Weekly Wellness: Athletics for life

AP Photos
AP Photos

Our weekly fitness column, “Weekly Wellness,” is back again. This week, Matt Gallagher, from MFC Sports Performance in Darien, discusses why humbling high school athletes on their prospects of playing in college or the pros can actually be beneficial for their long-term health and fitness.

Throughout my life, I have gone from being a soccer player, to baseball player, to volleyball player, to bodybuilder, to weight lifter, to competitive strongman athlete, to power lifter and a whole bunch of other fitness/sport related identities in between. I love fitness and athletics so much that I will never go a day or two without doing something fitness or sport related, as it is simply engrained in me to do so. My desire now is to have the kids and teens I train develop this same love and passion for fitness and sport related endeavors that I have, all while maintaining a healthy body image and acceptance of themselves from a purely cosmetic point of view.

Athletics are a wonderful way to learn some great life lessons. If a kid wants to excel at a sport and compete at the collegiate or professional level, they really need to develop some strong mental habits to get them there. Hard work, discipline, sacrifice, nutritional planning (so many kids need work here), desire, passion, visualization – all of these mental qualities are essential for success in sports. 

When taking an objective look at the statistics, the outlook for advancement in any given sport is sort of grim. According to the NCAA’s website, only 6.8 percent of boys in high school will play on at the collegiate level, and only one-half of one percent of high school baseball players make it to the professional level. Most kids I work with obviously don’t know these statistics (at least the young ones), and that’s fine, we shouldn’t tell them. But when kids get into their high school years, I believe it becomes important for coaches, teachers and trainers to start promoting a healthy outlook on how fitness should be carried into life for those other 99.5 percent that don’t make it professionally.

The first lesson I try to casually teach kids and teens is that sports and fitness is not life. That might be a shock to many people reading this that a strength coach and trainer at a sports performance facility who has devoted his life to building stronger, faster athletes and more fit human beings would say such a thing, but it is the truth. If you put all your self-worth and mental energy into a sport or one aspect of fitness, ultimately, you will be unfulfilled. Believe me, I have been there. The body is fragile, and life never goes as planned. Injuries happen and hardships happen. It is only when you come to accept that this sport you are playing or attempting to take to the next level is simply one of life’s endless varieties of hobbies and gifts that you have been blessed with the opportunity to perform, that a healthy outlook is established.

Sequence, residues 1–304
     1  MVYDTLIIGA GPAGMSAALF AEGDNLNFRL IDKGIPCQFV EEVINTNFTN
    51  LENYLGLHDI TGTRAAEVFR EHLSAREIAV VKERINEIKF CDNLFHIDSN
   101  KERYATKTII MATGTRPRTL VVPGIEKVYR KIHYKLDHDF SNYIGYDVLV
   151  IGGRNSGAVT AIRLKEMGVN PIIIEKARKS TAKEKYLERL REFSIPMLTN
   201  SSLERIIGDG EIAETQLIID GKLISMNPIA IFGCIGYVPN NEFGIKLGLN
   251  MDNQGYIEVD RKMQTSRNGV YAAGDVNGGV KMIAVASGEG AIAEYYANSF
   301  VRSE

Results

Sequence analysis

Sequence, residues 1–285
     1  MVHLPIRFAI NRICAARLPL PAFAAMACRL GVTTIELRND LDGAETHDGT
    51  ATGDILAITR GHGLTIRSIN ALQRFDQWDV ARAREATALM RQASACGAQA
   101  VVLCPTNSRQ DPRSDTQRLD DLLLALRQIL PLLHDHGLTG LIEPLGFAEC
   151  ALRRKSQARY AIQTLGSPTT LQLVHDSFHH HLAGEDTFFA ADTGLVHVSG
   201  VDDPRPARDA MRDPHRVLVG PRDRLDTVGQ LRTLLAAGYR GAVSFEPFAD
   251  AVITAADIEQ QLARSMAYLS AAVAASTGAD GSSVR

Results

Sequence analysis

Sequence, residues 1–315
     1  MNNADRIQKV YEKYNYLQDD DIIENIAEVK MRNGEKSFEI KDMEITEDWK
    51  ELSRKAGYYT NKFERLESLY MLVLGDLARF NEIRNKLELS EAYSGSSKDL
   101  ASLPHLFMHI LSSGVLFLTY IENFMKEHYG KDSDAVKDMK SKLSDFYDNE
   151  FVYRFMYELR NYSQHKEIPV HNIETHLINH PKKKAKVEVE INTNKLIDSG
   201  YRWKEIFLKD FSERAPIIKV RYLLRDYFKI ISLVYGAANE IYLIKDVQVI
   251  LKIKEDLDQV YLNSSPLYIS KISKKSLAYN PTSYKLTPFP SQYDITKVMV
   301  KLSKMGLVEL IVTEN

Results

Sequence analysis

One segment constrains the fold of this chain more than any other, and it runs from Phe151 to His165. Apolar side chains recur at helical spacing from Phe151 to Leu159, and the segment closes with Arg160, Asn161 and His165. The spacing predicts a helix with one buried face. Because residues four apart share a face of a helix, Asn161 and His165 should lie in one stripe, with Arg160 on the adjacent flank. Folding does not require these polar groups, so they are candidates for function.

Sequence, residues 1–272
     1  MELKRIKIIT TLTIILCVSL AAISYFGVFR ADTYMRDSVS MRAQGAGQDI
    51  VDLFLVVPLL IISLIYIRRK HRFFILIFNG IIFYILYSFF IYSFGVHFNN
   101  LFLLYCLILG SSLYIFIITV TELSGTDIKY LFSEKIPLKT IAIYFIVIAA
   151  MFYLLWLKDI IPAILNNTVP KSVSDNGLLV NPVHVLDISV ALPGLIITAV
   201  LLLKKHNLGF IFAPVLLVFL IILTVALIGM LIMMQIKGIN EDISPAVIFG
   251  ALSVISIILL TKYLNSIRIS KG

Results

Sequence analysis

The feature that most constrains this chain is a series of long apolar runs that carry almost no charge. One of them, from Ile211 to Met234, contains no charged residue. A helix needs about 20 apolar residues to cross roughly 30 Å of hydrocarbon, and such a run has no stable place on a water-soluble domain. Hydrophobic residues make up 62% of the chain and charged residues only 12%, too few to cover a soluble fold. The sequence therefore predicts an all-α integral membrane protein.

The second mental outlook I encourage kids and teens to develop is the focus on performance, not physical appearance. Many of the boys I train desperately need to pack on muscle mass for their sport, and if you think for a second that 20 or 30 pounds of muscle on their growing frame is entirely for the improvement of their sport, think again. These boys want muscles to build their confidence just as much as they want muscles for extra power in their swing. Therefore, it is vital to help them understand that training for muscle and strength is a good thing and a healthy life activity, when always kept in perspective, that these activities can be taken away from you in a second. Athletes that desire more mass and strength for their sport need to remember that training for muscle and strength is in and of itself a healthy activity to fall into, but it is a gift to be thankful for, just as is any sport, and is only a small part of life.

The Takeaway: Sports are awesome, and training for sports enhancement is an incredible experience that fosters goal-setting, hard work, discipline, self-sacrifice, balanced nutritional habits, improved fitness and overall well-being. But kids and teens must keep this in perspective – most likely their competitive athletic career will end in high school. Hopefully, the coaches they worked with in this timeframe help these teens develop the love for fitness and well-being that sticks with them for life, along with the desire for athletic excellence, instead of just focusing on winning here and now at all costs. Sports, fitness, muscles, and strength are blessings to be thankful for, not the sole objective or end-goal in life.  

Matt Gallagher is the Fitness Director at MFC Sports Performance in Darien, which specializes in functional training for both adults and younger athletes. You can reach Matt by emailing him at Matt@MFCSportsPerformance.com

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1 Comment

  • David Jackemeyer

    I have lived 18 years post-HS graduation, and as I reflect on that rambunctious, idealistic, indestructible teen, I realize I can no longer relate to him!Who was I/he?I /do/ remember the optimism -- he planned for a life "on tour", traveling the world's greatest venues with dreams of participating in the highest quality competitions (a collaboration of beautifully executed skill

    2014-08-21 13:03:57 | Reply

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